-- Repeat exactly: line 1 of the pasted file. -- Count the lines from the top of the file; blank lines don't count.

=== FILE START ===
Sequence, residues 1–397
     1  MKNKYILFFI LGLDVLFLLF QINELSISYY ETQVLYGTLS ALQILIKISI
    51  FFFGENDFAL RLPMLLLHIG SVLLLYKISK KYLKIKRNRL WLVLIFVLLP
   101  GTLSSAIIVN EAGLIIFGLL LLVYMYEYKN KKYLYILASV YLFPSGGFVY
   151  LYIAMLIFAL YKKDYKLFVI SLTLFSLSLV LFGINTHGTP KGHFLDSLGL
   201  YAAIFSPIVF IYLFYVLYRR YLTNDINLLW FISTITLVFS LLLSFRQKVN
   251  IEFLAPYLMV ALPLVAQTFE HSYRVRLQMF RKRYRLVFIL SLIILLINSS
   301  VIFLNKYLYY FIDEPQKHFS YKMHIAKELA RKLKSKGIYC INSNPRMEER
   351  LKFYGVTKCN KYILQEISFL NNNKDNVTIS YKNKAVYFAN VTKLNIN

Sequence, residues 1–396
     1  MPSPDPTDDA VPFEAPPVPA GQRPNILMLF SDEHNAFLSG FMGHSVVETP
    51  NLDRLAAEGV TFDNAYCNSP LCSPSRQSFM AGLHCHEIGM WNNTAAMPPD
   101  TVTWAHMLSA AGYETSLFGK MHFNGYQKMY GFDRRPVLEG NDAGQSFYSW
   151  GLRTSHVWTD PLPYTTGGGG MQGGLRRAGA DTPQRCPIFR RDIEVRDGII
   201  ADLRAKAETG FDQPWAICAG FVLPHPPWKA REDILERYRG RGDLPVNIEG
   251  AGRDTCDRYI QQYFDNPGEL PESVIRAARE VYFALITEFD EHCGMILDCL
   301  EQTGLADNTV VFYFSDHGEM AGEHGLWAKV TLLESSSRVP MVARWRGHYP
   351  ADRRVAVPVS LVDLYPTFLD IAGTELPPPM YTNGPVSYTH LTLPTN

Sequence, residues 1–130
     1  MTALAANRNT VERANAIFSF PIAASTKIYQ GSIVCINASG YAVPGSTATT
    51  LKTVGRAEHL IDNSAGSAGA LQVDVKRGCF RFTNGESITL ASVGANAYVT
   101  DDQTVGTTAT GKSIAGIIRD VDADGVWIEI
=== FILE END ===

Sequence, residues 1–397